Thursday, February 15, 2007

How do you measure success?

How do you view failure? Do you have to reach your ultimate goal to be considered a success? I think that is the general way of viewing accomplishment. When you reach your ultimate goal then you are successful. I read a really good book that changed my view of success and failure. The books title is "Shackletons Way" The book is about the leadership practices of Sir Ernest Shackleton who was an Antarctic explorer. Oddly enough Shackleton never realized his goal of being the first to navigate to Antarctica. He failed on two attempts. So,as fate would have it, Shackleton is forever regarded as a failure, right? Nothing could be further from the truth.

Although he is unknown to many people, in some circles he is regarding as one of the great leaders in history. Shackleton lead 27 men into the Antarctic. Well into his journey his ship "The Endurance" became ice bound. Unable to fee the Endurance from the ice they had to eventually abandon the ship and watch it get crushed in the ice and sink in the frigid ocean water. With no way of communicating with the civilized world and floating on ice flows, Shackleton and his men set out on one of the most amazing and perilous adventures in history. With little provisions and minimal means of shelter Shackleton and his men survived nearly 2 years in the most incredible conditions imaginable. Shackleton and a couple of men eventually made a perilous adventure to navigate icy waters in trecherous conditions to seek help and rescue his men.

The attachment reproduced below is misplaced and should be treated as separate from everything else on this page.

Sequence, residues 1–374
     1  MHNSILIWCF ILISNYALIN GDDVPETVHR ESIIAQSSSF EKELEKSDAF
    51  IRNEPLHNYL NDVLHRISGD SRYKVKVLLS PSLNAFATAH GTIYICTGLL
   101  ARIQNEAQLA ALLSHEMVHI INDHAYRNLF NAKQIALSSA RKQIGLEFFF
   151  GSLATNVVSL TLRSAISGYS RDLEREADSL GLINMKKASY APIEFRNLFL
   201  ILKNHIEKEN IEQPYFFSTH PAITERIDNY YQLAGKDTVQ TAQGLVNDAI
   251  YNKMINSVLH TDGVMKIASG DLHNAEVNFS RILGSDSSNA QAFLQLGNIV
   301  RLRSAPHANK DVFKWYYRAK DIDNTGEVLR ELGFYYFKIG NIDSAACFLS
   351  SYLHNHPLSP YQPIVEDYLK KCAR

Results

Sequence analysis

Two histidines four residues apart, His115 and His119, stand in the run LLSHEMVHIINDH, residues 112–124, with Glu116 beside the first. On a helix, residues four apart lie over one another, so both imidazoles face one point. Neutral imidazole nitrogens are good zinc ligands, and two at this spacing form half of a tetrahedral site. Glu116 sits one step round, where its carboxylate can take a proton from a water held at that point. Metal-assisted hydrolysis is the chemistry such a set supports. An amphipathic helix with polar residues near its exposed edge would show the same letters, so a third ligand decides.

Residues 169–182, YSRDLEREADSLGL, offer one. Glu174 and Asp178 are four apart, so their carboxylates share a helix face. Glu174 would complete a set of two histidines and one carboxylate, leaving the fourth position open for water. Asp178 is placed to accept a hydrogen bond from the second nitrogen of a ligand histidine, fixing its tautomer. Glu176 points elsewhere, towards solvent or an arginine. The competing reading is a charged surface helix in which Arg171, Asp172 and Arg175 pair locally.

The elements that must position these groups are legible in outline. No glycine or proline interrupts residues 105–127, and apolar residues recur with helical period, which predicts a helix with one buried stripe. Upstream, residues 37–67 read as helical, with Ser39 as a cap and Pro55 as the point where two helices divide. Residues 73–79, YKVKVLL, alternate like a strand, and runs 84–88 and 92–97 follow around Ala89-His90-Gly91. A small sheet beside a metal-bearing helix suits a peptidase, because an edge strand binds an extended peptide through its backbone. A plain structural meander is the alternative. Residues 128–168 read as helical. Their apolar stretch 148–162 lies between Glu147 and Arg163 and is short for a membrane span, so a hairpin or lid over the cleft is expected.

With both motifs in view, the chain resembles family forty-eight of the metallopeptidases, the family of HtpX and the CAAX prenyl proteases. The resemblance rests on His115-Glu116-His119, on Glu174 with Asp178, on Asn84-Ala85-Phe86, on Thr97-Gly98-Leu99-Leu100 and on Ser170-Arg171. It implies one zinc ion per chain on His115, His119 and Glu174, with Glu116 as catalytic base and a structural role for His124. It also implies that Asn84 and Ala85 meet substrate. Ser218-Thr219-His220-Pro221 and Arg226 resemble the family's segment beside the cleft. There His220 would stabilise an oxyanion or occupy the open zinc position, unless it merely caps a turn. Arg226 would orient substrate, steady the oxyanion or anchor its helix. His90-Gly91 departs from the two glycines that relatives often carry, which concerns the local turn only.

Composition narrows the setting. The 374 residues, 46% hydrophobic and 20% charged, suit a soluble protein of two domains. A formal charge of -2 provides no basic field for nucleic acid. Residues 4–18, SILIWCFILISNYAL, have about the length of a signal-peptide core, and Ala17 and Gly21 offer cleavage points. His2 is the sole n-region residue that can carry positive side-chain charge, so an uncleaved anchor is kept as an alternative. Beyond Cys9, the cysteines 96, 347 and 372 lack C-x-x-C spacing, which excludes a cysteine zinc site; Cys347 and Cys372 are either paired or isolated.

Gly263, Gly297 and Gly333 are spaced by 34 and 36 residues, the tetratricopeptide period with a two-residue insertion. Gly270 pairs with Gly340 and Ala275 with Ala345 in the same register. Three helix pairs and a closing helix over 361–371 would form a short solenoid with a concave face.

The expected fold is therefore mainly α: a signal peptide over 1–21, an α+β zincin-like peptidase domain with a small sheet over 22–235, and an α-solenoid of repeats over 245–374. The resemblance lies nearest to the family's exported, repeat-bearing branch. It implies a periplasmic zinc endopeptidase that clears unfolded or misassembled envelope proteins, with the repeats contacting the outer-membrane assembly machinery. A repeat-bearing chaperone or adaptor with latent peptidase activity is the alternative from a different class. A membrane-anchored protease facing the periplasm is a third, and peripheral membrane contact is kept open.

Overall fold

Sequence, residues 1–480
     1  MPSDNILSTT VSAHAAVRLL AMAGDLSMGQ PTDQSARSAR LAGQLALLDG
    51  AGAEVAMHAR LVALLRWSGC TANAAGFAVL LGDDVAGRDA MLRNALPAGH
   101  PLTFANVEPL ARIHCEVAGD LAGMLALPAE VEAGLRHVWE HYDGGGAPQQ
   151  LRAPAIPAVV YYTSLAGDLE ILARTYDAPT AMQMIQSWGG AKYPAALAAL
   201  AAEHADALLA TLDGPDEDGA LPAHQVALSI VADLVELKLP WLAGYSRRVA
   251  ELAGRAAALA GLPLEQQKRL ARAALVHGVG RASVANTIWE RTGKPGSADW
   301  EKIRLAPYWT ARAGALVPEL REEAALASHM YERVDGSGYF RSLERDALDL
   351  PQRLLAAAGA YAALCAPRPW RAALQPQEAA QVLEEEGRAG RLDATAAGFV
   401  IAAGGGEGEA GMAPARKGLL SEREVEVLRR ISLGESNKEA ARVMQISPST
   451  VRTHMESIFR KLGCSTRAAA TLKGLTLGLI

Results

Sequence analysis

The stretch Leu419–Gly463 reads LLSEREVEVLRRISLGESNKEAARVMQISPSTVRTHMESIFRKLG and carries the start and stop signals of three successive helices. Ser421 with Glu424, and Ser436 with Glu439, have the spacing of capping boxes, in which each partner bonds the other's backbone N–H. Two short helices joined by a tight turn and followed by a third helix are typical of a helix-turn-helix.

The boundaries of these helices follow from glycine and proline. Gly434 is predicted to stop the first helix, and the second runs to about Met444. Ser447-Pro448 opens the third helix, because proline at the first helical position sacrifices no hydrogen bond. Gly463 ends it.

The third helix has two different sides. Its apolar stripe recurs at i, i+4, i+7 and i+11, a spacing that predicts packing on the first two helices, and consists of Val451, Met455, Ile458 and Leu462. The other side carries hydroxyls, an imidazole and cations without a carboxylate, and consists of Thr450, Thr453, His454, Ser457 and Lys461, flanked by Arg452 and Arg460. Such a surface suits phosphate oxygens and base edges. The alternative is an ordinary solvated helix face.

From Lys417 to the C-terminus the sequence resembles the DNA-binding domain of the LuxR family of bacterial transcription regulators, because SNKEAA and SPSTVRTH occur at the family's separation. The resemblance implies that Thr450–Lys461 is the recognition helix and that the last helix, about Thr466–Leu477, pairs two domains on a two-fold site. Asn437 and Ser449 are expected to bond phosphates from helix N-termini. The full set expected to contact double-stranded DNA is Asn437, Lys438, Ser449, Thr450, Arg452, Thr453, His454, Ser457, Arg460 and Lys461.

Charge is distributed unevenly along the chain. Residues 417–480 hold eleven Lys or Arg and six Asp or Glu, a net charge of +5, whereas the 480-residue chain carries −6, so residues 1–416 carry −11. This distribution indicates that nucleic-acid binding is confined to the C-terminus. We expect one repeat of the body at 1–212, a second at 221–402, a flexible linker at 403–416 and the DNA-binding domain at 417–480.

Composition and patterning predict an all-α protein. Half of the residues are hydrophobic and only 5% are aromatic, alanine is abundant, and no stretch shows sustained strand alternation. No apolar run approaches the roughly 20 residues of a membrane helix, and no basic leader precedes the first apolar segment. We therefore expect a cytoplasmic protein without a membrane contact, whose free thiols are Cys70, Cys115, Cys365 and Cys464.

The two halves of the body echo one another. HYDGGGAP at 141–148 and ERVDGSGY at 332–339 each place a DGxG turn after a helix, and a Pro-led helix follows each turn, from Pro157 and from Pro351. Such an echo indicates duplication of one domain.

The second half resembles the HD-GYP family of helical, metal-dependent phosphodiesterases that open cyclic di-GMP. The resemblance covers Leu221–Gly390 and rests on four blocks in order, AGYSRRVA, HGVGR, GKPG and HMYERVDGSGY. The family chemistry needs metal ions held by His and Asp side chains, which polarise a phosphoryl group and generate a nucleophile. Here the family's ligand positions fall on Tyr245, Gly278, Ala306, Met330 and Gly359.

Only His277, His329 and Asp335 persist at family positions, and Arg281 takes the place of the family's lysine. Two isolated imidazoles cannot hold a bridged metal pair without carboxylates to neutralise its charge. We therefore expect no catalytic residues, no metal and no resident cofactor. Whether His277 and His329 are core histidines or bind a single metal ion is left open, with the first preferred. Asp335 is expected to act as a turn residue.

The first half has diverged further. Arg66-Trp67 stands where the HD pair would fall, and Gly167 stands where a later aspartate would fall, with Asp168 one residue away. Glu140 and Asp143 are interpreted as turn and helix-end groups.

Shackleton was able to accomplish all this and he did not lose one single man. All 27 in his crew survived! What an amazing story. One well worth reading. If you get a chance pick up a copy and give a good study. You will learn some great leadership skills while being amazed at the courage of the human spirit.


Trevor Gay said...

Hi Rocky

I am about half way through 'Shackleton's Way' after your recommendation and I endorse all that you say about it. It is probably the best leadership book I have read. What impresses me most is his genuine care for his followers.

Herman Najoli said...

Here's a similar story that I like so much: One of the most prestigious events of the Olympic Games is the Marathon - 26 miles - 385 yards of one of the most severe tests of human endurance. In the 1968 Summer Olympic Games, held in Mexico City, John Stephen Akhwari of Tanzania started with the other runners but fell way behind the leaders. At the finish line - the 100,000 plus spectators packing Olympic Stadium - cheered the winners of the race. Other runners entered the stadium and crossed the finish line to the cheers of the crowd. The race was over. Other events took place. Thousands of spectators had left. Then, one lone runner entered the stadium - John Stephen Akhwari. Akhwari’s pace was slow. His steps were wobbly. His knee was bloody and bandaged from a fall earlier in the race. He looked terrible. As He entered the stadium and began to slowly complete that last lap around the track the few remaining spectators began to realize who he was and what he was doing. As Akhwari slowly - painfully - crossed the finish line - they cheered - saluting the man’s determination. After the race, Akhwari was asked - what kept you going? Why didn’t you quit? Akhwari said, “My country did not send me to Mexico City to start the race. They sent me here to finish”. Isn't this what true success is all about?